Stephen Brenkley watches a deserted sidekick endure a long afternoon

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The Independent Online
AS THE Newcastle team bus pulled into Villa Park yesterday the caretaker manager Terry McDermott stared intently ahead. He looked apprehensive and tired and his grey mop of curly hair drooped slightly. Photographs would doubtless have demonstrated that in four days he had aged four years.

It was only a minute or so before 2pm and if nothing else McDermott would have been concerned that he was cutting it fine to discharge his first formal managerial task of the day, presenting his team sheet to the referee, that stickler for formality Graham Poll. The last thing a caretaker manager needs for his first match in charge, particularly when the attention of the football world is on him, is a coach hold-up on the motorway.

McDermott's name has been significant by its absence from the list of contenders. He was a surprising appointment as assistant manager when Kevin Keegan was appointed to the club five years ago and has been deemed to have none of his friend's messianic qualities. He has remained steadfastly loyal however. But being a messiah's sidekick is simply not sufficient to replace him.

McDermott probably knows as much. He is not committing himself about whether he desires the job but he made some pertinent jokes in his lovely chatty style after the match.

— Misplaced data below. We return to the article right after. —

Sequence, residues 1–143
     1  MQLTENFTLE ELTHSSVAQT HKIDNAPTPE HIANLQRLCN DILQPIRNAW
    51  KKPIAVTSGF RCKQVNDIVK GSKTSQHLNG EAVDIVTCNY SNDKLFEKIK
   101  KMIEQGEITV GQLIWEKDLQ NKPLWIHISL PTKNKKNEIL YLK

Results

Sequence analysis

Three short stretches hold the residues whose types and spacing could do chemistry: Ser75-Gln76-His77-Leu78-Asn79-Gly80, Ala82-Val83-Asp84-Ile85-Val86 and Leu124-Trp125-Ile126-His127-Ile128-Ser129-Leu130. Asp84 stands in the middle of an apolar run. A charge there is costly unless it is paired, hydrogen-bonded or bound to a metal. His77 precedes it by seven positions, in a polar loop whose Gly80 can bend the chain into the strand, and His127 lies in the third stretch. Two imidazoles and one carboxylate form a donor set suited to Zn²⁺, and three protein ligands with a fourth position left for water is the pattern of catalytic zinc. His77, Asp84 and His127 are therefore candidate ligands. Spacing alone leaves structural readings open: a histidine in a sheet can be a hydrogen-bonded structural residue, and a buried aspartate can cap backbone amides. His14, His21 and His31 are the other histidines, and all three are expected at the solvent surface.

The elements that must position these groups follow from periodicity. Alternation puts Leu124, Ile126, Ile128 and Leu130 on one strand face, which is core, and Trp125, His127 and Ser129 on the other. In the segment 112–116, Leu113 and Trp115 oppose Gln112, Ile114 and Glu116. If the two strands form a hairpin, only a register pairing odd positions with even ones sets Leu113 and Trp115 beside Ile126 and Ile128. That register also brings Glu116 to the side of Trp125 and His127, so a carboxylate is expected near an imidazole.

"I wonder what all this is about,'' he said, spotting the throng that wished to hear his words of wisdom. "Look at my hair,'' he replied to one question recognising that deep grey in the management trade is de rigueur. In truth he more closely resembles the prototype for the comedian Harry Enfield's trio of characters the Scousers.

McDermott, in his loyal way, wanted to pay tribute more to Keegan than to dwell on his own prospects. It was a match, he said, in Keegan's image. It was, too, and by way of further demonstrating his friendship, McDermott said he would not be changing much. Indeed, he was expecting to speak to Keegan last night.

The fans, however, gave the impression of being resigned to life without him. It was even suggested that the club chairman, Sir John Hall, being the shrewd businessman he is, had recognised that his manager had taken the team as far as he could and had all but engineered a position whereby an honourable chap like Keegan would feel he had no choice but to resign. Imaginations are running wild still on Tyneside.

The team, playing in their Keegan way, soon sought openings and similarly great swathes were cut through their defence. McDermott looked phlegmatic enough while the side were going two goals up but he was anxious again when the lead was cut. The award of a penalty brought another furrow to his brow. The goalkeeper Shaka Hislop saved brilliantly, twice. Newcastle survived but McDermott had surely aged another year.